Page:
Environmental issues relating to iodine deficiency
UK Iodine Group members, particularly Dr Alex Stewart, are actively involved in reviewing the environmental determinants of iodine deficiency.
Summary of main points:
- It is considered that community or personal iodine deficiency = low dietary intake, and that low dietary iodine = low environmental iodine. However, is this true?
- Not all studies have confirmed reports that there is an inverse relationship between soil or water iodine and goitre or iodine deficiency. i.e. that low iodine in the soil or water causes goitre.
- Many recent health-based sources, journal articles and websites on iodine have inaccurate statements on environmental iodine, based on outdated beliefs around iodine transformations and movements in the environment.
- The release of iodine from seawater to air is more complex than volatilisation of iodide.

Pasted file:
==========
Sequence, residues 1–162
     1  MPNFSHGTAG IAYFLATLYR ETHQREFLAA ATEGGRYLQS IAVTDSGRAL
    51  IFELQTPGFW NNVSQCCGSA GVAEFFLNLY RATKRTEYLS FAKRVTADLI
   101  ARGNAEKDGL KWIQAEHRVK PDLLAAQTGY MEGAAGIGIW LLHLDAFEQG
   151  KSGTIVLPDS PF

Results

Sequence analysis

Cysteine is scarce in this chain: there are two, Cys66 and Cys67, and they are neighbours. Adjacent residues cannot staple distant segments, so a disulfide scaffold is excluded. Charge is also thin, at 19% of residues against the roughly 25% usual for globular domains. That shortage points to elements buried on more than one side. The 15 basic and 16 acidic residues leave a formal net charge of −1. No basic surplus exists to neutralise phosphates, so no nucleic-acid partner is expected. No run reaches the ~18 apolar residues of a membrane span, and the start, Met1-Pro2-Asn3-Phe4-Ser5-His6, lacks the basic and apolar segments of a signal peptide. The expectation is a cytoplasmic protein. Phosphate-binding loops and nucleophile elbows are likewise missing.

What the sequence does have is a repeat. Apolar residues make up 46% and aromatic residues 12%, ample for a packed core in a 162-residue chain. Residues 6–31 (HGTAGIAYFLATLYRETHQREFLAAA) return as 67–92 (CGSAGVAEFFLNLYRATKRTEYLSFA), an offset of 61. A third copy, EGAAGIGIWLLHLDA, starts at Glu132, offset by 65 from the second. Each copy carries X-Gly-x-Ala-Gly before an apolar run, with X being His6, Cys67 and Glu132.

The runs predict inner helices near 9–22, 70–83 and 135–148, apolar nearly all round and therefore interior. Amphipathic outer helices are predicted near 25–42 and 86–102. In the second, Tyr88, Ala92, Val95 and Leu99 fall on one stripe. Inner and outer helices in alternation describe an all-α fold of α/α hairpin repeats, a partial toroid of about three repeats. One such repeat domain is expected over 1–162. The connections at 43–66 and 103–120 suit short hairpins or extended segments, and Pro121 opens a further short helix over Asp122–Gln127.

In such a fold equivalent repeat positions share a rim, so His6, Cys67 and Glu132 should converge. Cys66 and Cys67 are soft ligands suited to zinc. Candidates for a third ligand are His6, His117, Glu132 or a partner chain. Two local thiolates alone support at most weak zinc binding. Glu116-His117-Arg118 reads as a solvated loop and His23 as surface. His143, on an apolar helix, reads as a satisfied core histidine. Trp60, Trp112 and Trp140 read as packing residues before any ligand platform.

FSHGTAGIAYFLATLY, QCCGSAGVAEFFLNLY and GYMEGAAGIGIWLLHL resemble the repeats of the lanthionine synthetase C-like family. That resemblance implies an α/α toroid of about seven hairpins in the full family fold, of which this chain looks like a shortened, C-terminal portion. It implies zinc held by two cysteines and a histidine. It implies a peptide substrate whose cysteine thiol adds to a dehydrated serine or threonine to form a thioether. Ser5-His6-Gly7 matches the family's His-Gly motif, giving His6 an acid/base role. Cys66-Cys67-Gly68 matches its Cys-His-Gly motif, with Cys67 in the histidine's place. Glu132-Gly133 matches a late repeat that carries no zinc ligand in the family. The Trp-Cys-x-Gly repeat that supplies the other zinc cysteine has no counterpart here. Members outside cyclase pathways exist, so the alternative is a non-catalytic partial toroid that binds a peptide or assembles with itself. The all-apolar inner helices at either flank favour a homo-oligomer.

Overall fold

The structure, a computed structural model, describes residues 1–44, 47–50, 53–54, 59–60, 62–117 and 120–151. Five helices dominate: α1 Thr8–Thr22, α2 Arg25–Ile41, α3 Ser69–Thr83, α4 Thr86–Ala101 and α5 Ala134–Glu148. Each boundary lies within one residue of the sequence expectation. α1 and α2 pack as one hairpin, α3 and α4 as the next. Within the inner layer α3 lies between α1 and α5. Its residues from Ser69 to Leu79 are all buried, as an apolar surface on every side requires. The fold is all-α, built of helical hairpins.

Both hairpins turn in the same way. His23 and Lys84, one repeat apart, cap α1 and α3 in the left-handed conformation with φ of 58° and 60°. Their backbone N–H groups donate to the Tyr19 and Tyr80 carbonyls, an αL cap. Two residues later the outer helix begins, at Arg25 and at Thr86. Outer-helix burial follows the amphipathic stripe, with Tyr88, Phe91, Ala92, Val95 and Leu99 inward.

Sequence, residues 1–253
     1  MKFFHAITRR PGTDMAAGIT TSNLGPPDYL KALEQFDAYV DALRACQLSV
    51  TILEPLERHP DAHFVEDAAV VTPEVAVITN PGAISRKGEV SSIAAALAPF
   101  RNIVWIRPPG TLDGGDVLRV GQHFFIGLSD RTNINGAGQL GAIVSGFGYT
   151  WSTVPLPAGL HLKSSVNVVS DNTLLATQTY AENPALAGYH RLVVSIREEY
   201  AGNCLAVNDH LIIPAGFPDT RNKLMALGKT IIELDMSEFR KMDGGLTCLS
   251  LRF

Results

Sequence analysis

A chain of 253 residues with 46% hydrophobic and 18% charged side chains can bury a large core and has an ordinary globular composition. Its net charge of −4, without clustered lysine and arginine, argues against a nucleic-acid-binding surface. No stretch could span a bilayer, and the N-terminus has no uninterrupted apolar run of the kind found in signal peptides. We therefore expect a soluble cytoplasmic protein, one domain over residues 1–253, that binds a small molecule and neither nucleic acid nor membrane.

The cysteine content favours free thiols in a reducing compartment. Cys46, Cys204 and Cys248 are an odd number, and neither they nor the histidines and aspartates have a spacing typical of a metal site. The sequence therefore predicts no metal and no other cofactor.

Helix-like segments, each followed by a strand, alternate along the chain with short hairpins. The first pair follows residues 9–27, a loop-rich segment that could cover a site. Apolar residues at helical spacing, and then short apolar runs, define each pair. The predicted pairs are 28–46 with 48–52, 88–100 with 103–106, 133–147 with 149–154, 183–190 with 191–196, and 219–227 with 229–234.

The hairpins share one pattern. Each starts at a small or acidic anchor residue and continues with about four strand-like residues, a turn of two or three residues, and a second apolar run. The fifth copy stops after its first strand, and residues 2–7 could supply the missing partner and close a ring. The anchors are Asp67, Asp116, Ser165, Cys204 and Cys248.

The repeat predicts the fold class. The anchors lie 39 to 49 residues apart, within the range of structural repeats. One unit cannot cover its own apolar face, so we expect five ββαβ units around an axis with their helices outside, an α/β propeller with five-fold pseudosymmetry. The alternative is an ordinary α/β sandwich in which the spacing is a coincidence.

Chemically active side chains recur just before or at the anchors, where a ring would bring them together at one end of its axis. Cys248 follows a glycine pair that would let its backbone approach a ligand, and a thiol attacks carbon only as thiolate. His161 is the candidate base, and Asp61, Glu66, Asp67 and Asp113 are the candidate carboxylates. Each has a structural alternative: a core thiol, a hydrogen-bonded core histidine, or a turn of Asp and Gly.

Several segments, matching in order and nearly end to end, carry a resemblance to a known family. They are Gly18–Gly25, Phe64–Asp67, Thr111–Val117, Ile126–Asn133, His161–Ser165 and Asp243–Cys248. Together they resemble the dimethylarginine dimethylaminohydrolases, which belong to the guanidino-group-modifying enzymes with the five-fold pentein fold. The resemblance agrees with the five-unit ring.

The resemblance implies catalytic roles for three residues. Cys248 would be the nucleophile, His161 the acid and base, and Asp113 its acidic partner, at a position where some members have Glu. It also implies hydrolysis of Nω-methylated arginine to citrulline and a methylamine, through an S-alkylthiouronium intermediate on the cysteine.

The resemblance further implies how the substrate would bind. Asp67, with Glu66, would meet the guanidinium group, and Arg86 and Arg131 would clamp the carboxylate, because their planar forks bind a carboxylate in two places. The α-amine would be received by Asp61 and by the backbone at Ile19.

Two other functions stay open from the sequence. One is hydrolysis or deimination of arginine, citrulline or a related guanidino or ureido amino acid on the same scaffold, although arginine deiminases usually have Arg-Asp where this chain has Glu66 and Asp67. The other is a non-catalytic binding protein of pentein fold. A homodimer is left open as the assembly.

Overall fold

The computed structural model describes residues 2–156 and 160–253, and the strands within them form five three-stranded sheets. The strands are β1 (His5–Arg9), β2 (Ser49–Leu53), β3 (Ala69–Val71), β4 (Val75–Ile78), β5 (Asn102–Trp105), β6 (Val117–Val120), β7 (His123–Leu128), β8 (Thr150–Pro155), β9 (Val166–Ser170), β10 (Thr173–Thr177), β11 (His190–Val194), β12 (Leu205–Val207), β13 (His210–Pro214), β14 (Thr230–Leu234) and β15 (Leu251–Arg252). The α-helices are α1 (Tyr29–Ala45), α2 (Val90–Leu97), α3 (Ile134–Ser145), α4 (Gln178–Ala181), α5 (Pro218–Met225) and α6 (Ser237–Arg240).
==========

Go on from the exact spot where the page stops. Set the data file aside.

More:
- Rain adds iodine to soil, rather than removes it.
- Atmospheric iodine is very reactive and is involved in ozone, sulphur and organic chemistry.
- The movement of iodine from air to plant and soil and then into the diet is poorly understood.
- Glaciation, leaching, flooding and erosion do not necessarily lead to environmental iodine deficiency.
- Other factors (such as Brassica vegetables, some minerals, poverty and social situations) may affect the production of iodine deficiency disorders in unknown ways.
Text written by Dr Alex Stewart (December 2015)
There is a more detailed review of the relationship between the environment and iodine deficiency here.